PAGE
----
A. Terminate with the client and wait two years before beginning a sexual relationship.

B. Terminate with the client and refer him to another therapist.

C. Seek supervision regarding countertransference.

D. Discuss the attraction with the client before deciding whether or not to terminate.

Best answer? A is easiest to eliminate--it directly contradicts the code. B & D are tempting. Maybe this client does need to be referred out. Would you refer the client without tell him why? If no, than D. If yes, than B. Happily, there's another, better answer here: C, seek supervision first. Sexual attraction to a client is also known as erotic countertransference. Before considering termination, the social worker should explore the issue in supervision. How is the intimacy of therapy being confused with other types of intimacy? How to remedy? 

Make sense? Great. Want more questions? Sign up with SWTP for complete, realistic social work licensing exam practice tests.

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Code of Ethics Spotlight: Conflicts of Interest

code of ethics spotlight conflicts of interest Next up on our Code of Ethics tour is a big one--lots of potential social work licensing exam questions lurk in this section. It's 1.06, Conflicts of Interest--follow the link for the text in its entirety. Here's a quick summary:

(a) Avoid conflicts of interest. Inform clients of real or potential conflicts. Resolve and keep the client if possible, though termination may sometimes be necessary.

(b) Don't exploit the social worker role to further personal, political or business interests.

(c) No dual relationships. If unavoidable, set boundaries, protect clients

(d) Keep things clear when working with people who know each other.

Contained in part c, a simple, helpful definition of what constitutes a dual relationship:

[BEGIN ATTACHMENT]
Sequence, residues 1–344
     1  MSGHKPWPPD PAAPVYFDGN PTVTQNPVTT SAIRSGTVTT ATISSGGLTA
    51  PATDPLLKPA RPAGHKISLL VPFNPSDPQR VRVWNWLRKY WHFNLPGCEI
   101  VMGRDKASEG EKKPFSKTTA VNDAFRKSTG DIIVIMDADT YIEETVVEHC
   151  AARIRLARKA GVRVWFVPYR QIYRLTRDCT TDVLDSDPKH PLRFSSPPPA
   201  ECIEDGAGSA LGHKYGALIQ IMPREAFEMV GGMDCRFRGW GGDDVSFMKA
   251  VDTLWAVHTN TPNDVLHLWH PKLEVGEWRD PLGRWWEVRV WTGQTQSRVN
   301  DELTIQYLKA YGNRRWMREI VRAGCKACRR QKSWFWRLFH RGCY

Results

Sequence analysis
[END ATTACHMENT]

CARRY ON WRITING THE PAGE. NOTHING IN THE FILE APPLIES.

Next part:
Dual or multiple relationships occur when social workers relate to clients in more than one relationship, whether professional, social, or business. Dual or multiple relationships can occur simultaneously or consecutively.

What type of questions rooted in this section of the code might you encounter on the exam? A bunch. Some quick examples:

For A: How best to proceed with a client you realize is dating your sister? (Probably terminate.)

For B: Your client gives you a good stock tip. What do you do? (Don't invest.)

For C: You learn your client has kids in the same school as you, should you terminate? (No, probably not.)

For D: Two of your clients start dating each other--they both know the other is in treatment with you. Can you acknowledge to each that you see the other for treatment? (Nope, not without a release. Confidentiality always trumps.)

That's just scraping the surface. You can probably come up with plenty more of your own (feel free to post 'em in comments if you do).

Here's some reading that explores implications for some of the above:

Remember, the social work exam isn't out to trick you. If you've got these essential parts of the code of ethics under your belt, you'll be able to breeze through a large chunk of the exam. Just takes some reading and, of course, practice. Good luck!


For practice questions regarding conflicts of interest, the code of ethics, and much more, sign up for SWTP exams!